NBC Peacock’s Intelligence Just Isn’t Smart Enough

David Schwimmer makes his return to sitcom television today with the July 15 launch of “Intelligence,” a new comedy on the NBC Universal streaming service Peacock. Advertised as the home of programming from networks like NBC and USA, Peacock also wants to stand out as a platform for original content, and so today’s launch includes the acclaimed mini-series “The Capture,” a star-studded adaptation of “Brave New World,” and “Intelligence,” a six-episode comedy series that aired in the U.K. back in February. Fans will be drawn to the return of Ross Geller, but it’s really the baby of Nick Mohammed, a clever British comedian who wrote, directed, and co-stars in this series that’s largely about the unstoppable American ego. There are laughs here and there through all six episodes, mostly courtesy of the show’s creator, but it’s overall too familiar and too bland to stand out in the increasingly crowded streaming world. A relatively new phrase has been thrown around a lot in the wake of Apple, Disney, and HBO’s latest offerings: “Streamer Fatigue.” This one made me a little sleepy.

“Intelligence” is basically a workplace comedy, this one set in the Government Communications Headquarters in Chatham. The organization monitors and tackles hacking and cyber crime under the guidance of an effective, by-the-book boss named Christine (Sylvestra Le Touzel). An NSA liaison is sent to the office to, well, liaise, and his arrival turns everything upside down. Jerry Bernstein (Schwimmer) is all alpha male American ego, the kind of guy who has clearly failed upward a number of times, can be casually racist openly, and moves quickest when he’s covering up his errors. The relatively staid Brits in the office are mostly attracted to Jerry’s boorish behavior, especially Joseph (Mohammed), a socially awkward type who’s fascinated by the braggadocious new guy. Other supporting characters in the incredibly thin ensemble include the wallflower Mary (Jane Stanness), the snarky assistant Evelyn (Eliot Salt), and the charismatic hacker Tuva (Gana Bayarsaikhan). Sadly, none of them are particularly memorable.

The biggest problem with “Intelligence” is the sense that it’s an ensemble comedy without an ensemble. Shows like “The Office” and “Parks and Recreation” became modern comedy classics because there’s not a single weak link in their extended teams. While the cast of “Intelligence” certainly isn’t bad, they’re given almost nothing to do outside of Mohammed and Schwimmer, who dominates every scene. Part of this can be attributed to the limited episode count, but even the short seasons of Brit comedies like “The Office” found a way to make supporting characters engaging. For “Intelligence” to succeed, Tuva, Christine, Evelyn, and Mary need to be as interesting as our male leads.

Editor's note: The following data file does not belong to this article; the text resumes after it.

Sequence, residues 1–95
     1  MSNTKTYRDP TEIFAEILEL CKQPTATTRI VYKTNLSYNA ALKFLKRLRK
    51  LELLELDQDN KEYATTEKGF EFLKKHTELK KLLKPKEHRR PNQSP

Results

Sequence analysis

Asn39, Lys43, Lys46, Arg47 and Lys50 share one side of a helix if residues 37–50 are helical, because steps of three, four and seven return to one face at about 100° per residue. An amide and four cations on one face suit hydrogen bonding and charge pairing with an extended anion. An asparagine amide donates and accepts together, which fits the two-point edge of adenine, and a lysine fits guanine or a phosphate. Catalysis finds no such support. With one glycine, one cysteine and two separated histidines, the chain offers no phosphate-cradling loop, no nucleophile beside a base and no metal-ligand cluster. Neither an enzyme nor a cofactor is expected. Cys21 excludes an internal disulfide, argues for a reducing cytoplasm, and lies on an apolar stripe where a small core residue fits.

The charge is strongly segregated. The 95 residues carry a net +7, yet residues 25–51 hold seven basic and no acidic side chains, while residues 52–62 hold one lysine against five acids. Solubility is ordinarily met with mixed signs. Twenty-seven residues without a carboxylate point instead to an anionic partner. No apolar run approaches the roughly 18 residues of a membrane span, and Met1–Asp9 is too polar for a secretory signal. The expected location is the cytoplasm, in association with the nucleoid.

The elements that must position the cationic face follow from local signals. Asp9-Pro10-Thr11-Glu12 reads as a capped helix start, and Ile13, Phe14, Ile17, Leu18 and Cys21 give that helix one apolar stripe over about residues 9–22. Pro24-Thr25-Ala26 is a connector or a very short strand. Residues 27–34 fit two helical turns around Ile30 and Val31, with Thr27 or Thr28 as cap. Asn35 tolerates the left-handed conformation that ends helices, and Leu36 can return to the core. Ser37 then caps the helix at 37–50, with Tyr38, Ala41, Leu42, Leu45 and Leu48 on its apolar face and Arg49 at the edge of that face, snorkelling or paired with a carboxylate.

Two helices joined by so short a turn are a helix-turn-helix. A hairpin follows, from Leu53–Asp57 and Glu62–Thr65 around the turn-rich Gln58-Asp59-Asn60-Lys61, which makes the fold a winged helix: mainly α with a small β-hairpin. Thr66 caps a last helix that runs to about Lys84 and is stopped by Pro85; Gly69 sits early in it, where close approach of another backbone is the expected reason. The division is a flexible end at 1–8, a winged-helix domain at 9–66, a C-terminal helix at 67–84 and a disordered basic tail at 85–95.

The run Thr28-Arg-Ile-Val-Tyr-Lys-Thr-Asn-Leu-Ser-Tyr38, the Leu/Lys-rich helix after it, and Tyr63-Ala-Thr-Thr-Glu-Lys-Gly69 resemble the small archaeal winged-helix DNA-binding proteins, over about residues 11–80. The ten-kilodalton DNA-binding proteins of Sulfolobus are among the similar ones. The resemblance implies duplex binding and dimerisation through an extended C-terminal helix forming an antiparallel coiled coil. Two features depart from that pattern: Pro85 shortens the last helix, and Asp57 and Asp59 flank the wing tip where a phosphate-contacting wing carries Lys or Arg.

To be fair, those leads can be pretty entertaining. There’s a natural oil-and-water dynamic on display in the styles of Schwimmer and Mohammed that just works. Schwimmer gets that this guy is one of those bros who often uses volume and over-confidence to disguise his inadequacy, while Mohammed is the opposite, often swallowing lines due to a lack of backbone. They have a really strong comedic chemistry, allowing their radically different characters to form a funny whole in the best scenes of the season. 

“Intelligence” has already been renewed for a second season, and maybe the writers will use the time to develop the rest of the cast in a way that allows them to shine too. Sitcoms simply never really work if they’re one or two-man shows. Now that the groundwork has been laid with Mohammed and Schwimmer, let’s open up the stage to the rest of the cast. Then maybe “Intelligence” will be smart enough to stand out from the increasingly large streaming crowd.

Whole season screened for review.

Brian Tallerico

Brian Tallerico is the Editor of RogerEbert.com, and also covers television, film, Blu-ray, and video games. He is also a writer for Vulture, The Playlist, The New York Times, and Rolling Stone, and the President of the Chicago Film Critics Association.

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